# How to make software testable

I’m going to try to explain how to make software testable in really practical terms. I won’t use words like “dependency injection.” Those things annoy smart programmers and make them stop listening.

Here is a pseudocode snippet. There is some function that parses some IP address out of the output of the “ifconfig” command, and some other code that uses this to get an IP address and do something with it.

parse_ip_address() {
hostname = system.execute("hostname");
ifconfig = system.execute("/sbin/ifconfig");
ip = regex.capture(ifconfig, "/some/regex/" + hostname + "/some/other/regex/");
return ip;
}

// ... some other code ...

ip = parse_ip_address();
// do something with the ip address.


This code is extremely hard to test. If someone says “it doesn’t work on my computer,” you can only respond “it works on mine and I can’t reproduce it.” The code relies on the server’s hostname and the output of the ifconfig command, so the only way you can reproduce it is if you get access to your reporter’s computer and run the code there. (Imagine if it relied on the time of day or the date!)

Let’s rewrite the code.

parse_ip_address(hostname, ifconfig) {
ip = regex.capture(ifconfig, "/some/regex/" + hostname + "/some/other/regex/");
return ip;
}

// ... some other code ...

hostname = system.execute("hostname");
ifconfig = system.execute("/sbin/ifconfig");
ip = parse_ip_address(hostname, ifconfig);
// do something with the ip address.


Now you can write back to the person who reported the issue and say “please send me the output of /sbin/ifconfig, and your hostname.” You can write a test case, verify that it breaks, fix the code, and verify that all of your other tests still pass.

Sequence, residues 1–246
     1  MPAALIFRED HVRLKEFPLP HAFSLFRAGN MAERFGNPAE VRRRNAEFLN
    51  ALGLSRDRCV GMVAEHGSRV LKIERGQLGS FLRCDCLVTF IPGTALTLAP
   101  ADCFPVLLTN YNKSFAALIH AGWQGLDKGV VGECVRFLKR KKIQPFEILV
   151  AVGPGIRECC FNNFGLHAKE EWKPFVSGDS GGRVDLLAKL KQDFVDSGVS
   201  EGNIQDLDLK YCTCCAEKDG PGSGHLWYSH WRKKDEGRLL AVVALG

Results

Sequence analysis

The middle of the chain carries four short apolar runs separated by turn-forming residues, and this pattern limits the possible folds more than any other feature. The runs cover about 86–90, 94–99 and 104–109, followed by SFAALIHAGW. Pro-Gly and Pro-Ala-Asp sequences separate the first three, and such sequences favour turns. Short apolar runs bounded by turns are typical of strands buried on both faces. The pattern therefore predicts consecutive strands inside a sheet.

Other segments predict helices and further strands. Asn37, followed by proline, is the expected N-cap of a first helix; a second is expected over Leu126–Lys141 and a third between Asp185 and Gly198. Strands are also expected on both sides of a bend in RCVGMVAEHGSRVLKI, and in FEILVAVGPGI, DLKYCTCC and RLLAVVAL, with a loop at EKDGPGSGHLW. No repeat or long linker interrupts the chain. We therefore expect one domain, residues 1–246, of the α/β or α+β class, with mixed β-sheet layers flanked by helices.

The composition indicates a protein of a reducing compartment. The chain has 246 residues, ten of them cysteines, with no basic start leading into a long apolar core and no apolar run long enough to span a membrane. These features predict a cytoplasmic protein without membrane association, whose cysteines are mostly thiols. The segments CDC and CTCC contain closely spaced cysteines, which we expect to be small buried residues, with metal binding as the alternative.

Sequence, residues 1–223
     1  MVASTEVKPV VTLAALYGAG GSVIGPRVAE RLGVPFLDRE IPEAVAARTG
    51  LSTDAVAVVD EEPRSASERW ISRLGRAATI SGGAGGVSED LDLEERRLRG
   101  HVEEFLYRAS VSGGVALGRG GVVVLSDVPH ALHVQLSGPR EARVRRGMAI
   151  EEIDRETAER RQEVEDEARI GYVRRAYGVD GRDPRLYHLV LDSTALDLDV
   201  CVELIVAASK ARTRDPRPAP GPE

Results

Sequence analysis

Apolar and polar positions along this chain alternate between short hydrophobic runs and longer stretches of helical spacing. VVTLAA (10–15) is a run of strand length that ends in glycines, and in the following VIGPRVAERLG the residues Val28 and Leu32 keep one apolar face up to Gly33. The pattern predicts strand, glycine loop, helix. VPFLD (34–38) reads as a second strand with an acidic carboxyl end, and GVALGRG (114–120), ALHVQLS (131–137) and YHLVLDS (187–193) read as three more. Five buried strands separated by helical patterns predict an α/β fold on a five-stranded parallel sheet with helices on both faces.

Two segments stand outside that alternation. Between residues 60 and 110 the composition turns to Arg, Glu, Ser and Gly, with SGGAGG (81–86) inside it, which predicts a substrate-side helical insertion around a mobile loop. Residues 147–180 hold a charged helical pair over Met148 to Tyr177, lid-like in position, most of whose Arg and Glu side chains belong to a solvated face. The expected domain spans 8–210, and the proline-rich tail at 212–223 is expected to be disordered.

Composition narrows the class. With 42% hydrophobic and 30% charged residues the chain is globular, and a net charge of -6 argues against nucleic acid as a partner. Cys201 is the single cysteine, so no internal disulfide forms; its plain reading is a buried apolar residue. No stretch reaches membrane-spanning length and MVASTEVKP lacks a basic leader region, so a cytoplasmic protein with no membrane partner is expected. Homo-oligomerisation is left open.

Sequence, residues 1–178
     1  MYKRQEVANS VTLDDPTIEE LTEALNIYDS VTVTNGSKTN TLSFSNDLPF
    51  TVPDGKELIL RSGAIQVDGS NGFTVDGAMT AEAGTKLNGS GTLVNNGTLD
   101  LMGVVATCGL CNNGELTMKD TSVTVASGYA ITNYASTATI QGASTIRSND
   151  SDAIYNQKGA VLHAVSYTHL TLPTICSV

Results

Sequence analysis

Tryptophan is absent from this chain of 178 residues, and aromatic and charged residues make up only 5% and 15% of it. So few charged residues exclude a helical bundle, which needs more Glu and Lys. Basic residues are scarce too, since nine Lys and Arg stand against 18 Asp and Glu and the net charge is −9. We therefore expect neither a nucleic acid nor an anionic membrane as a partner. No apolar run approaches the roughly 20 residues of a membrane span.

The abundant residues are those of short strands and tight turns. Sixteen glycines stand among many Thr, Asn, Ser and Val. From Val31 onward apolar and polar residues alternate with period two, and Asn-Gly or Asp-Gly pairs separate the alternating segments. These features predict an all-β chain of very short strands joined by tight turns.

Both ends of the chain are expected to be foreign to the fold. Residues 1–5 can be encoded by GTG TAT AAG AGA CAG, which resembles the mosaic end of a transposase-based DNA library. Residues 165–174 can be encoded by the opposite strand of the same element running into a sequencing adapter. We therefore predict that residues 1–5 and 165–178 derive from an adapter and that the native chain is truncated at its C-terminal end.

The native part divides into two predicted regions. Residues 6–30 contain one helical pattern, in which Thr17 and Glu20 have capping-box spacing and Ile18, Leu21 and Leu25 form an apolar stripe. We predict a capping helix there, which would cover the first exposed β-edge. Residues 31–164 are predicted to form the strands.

That is the absolutely essential core practice in testing: write code in units (be it functions, modules, programs, or something else) that accept input, cause no side effects, and return output. Then write test suites that begin with known input, execute the code, capture the output, and compare it to what is expected.

Now you’ve learned in ten minutes what took me many years to learn. When they taught me about software engineering in my Computer Science classes, they didn’t teach me how to test. They said “you must test rigorously!” and moved on to the next topic. They left me with the vague understanding that testing was an advanced practice that takes enormous time and effort. It turns out to be simple – if you start out right. And it saves enormous time and effort.

Testing has enabled me to avoid becoming a good programmer. I can’t write good code, but I can write good tests, and with good tests, you can see clearly how broken your code is.

I'm Baron Schwartz, the founder and CEO of VividCortex. I am the author of High Performance MySQL and lots of open-source software for performance analysis, monitoring, and system administration. I contribute to various database communities such as Oracle, PostgreSQL, Redis and MongoDB. More about me.